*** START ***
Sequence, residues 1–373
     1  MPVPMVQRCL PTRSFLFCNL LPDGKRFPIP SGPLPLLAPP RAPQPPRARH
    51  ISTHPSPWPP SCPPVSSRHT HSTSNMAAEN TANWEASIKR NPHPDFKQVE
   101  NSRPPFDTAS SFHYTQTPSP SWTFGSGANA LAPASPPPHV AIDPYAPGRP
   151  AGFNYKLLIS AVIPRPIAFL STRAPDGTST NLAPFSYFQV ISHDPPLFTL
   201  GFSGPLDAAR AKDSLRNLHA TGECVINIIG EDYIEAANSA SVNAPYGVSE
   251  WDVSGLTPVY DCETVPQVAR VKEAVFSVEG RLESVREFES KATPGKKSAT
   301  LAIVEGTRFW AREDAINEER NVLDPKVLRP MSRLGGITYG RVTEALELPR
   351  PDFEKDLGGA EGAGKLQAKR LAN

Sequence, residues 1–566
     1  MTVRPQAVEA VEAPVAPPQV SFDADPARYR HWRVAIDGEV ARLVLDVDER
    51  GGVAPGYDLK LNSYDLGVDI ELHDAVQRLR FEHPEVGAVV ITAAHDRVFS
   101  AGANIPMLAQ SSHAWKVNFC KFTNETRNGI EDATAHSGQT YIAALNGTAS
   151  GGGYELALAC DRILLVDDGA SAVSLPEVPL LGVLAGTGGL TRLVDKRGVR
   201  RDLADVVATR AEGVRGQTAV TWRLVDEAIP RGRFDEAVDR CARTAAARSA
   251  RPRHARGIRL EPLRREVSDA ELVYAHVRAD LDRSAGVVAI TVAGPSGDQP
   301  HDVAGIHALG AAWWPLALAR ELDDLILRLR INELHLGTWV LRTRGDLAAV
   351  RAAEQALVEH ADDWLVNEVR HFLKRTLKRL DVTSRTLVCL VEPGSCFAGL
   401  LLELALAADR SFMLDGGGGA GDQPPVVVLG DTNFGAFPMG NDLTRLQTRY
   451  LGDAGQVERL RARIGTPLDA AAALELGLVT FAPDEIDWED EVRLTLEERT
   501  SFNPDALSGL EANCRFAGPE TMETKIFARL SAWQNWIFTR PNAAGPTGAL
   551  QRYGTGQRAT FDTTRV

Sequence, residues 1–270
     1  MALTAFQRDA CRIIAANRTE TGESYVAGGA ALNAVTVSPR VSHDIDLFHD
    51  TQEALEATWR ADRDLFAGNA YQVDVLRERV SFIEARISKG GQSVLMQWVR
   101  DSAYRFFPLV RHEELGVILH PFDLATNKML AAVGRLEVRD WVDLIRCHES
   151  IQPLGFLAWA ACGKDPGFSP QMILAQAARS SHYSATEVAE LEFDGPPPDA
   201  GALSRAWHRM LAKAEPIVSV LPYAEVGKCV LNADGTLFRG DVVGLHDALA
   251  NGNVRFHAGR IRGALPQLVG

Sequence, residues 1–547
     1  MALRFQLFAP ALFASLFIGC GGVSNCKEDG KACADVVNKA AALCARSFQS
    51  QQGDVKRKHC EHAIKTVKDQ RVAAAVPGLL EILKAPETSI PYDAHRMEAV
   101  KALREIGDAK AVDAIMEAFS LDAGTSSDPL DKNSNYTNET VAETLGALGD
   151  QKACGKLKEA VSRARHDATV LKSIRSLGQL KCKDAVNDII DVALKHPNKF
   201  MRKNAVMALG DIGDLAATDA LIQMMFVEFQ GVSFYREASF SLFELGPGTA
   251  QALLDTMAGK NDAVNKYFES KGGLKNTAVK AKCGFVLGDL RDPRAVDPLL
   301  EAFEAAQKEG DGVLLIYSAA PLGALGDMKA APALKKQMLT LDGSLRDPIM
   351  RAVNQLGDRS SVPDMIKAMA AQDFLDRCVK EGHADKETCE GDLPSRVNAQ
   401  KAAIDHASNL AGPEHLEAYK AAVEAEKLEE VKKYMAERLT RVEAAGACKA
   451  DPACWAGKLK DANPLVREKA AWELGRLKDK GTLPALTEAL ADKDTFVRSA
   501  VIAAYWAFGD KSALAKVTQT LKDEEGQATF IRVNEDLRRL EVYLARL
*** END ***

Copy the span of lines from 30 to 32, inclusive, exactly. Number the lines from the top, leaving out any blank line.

Sequence, residues 1–547
     1  MALRFQLFAP ALFASLFIGC GGVSNCKEDG KACADVVNKA AALCARSFQS
    51  QQGDVKRKHC EHAIKTVKDQ RVAAAVPGLL EILKAPETSI PYDAHRMEAV